Today is confession time. I have a rare, inherited condition. My father has it. So do my siblings. And some of the younger generation. What is the condition, you ask? I give too much detail.
When my darling dad of 87 tells a story, he gives the background, the foreground and every other possible angle that might relate to the story. And you know what? So do I. And so do both my brothers and my sister. A few of my nieces and nephews have inherited it either fully or in part, and – for the two little girls in the fourth generation, it is still too early to tell but they might well show signs of wordiness.
My husband has started a support group for the rolling-eyed in-laws, and has co-opted my darling long-suffering mum of 83, who all have to put up with our lengthy tales. Both of my sons would happily join as they, along with their dad, prefer headlines to body copy.
Some years ago, when my elder son started at high school, he went to an orientation evening at his school: a grade 8 social. His dad fetched him from the event, and I couldn’t wait to see him and hear all about it. After my customary mommy hug, I said to him (and I don’t think I’m exaggerating): “How was it? Did you have fun? Who did you meet? Were you with any of your friends? Who are your new friends, and what are their names and where did they go to junior school and where do they live? What did you do? Did you stand next to people you didn’t know?” With a sigh, and a shifting from foot to foot, he eventually said, “Mom! When Dad picked me up, he asked me if the evening was cool. I said yes. And Dad was happy with that.”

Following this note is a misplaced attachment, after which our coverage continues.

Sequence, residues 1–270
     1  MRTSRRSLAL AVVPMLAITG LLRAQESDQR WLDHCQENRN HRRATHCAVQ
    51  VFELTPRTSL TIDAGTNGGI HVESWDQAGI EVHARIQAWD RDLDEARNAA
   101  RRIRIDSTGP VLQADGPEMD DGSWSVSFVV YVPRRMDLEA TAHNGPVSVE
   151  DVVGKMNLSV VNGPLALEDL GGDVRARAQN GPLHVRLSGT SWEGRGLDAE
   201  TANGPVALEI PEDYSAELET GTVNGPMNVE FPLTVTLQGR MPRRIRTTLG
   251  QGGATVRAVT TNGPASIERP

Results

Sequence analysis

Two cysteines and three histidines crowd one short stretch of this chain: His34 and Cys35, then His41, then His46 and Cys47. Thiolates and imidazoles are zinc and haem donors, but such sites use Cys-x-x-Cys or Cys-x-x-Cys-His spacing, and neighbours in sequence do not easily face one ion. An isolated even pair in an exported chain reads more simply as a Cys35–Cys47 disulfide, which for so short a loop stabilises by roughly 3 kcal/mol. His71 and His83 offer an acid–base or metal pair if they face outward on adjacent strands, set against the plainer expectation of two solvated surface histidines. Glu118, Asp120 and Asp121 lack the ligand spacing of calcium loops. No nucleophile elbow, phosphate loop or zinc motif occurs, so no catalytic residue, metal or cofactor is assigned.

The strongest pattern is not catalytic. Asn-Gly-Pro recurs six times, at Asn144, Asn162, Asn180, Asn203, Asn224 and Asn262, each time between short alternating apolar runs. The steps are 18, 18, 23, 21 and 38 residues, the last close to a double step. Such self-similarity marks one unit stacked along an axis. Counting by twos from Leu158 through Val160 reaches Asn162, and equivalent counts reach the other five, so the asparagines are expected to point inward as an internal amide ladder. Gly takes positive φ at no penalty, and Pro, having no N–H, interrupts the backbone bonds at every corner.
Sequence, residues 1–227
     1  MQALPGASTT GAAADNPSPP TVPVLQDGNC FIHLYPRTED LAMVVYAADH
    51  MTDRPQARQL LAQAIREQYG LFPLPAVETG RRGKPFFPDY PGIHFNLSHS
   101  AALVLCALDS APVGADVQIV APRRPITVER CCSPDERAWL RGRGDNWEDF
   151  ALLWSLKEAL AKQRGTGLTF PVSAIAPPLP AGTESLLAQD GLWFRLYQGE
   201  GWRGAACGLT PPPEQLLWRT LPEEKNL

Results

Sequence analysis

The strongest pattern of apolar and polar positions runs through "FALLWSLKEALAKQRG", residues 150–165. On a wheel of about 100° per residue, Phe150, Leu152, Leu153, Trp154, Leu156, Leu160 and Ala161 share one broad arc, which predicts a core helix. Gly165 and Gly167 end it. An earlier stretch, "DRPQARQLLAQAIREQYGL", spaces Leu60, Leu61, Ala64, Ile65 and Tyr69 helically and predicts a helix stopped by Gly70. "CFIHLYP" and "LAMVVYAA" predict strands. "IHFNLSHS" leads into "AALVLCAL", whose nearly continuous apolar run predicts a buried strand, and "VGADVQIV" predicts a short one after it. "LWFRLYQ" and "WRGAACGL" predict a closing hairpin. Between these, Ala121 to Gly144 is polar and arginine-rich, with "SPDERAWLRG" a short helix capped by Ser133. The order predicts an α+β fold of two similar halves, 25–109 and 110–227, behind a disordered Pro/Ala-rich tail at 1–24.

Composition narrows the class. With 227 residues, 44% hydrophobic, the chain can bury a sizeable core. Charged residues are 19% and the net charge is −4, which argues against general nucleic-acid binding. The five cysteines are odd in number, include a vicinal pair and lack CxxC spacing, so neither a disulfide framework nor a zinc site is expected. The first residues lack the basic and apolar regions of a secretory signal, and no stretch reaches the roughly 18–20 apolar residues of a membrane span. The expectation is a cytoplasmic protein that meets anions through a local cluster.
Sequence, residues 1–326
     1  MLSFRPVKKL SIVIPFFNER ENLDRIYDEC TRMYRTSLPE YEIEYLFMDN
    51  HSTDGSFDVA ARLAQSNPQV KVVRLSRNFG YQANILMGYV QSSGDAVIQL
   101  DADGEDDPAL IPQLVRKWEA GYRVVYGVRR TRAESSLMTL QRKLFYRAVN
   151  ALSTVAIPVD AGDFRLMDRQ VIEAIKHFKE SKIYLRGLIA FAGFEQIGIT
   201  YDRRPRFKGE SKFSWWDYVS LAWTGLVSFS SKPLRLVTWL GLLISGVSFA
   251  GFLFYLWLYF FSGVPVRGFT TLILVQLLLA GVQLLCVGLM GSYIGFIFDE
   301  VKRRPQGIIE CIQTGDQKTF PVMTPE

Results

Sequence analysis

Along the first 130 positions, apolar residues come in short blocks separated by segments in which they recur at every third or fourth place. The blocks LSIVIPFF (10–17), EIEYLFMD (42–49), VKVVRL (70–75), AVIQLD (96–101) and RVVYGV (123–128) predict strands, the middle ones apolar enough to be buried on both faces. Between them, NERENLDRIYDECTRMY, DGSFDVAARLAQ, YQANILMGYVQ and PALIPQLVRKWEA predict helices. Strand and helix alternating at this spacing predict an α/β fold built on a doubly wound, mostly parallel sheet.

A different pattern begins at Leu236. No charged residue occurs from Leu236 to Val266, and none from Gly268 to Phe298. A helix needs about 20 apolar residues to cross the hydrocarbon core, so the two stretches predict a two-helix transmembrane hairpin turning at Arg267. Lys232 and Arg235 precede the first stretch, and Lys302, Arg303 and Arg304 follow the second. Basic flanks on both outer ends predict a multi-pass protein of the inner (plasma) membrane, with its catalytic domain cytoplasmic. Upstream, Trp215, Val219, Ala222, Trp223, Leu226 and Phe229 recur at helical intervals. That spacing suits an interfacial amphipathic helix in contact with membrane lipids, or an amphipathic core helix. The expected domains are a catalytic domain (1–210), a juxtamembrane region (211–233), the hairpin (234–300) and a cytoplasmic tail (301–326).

I do notice at times when I speak to my husband that his expression shifts to screen saver. I can tell you the exact point when I’ve lost him, but usually I persevere until he comes back. My sons are the same. I can tell them wonderfully interesting stories and realise that they have not listened to a word. Although I understand they do hear some of what I say. My younger son said to me once, “Mom, you know at the Oscars, when actors are giving their acceptance speeches and their time is up, and the music goes up? That’s what often happens when you’re talking; the music goes up in my mind. And I can’t hear any more.”
They both did say that if I throw in keywords – and I won’t mention their suggested words – they start listening again.
So thank you, faithful readers of my blog, for coping with my detail. Or has the music already gone up for you?
Sunshine signing off for today!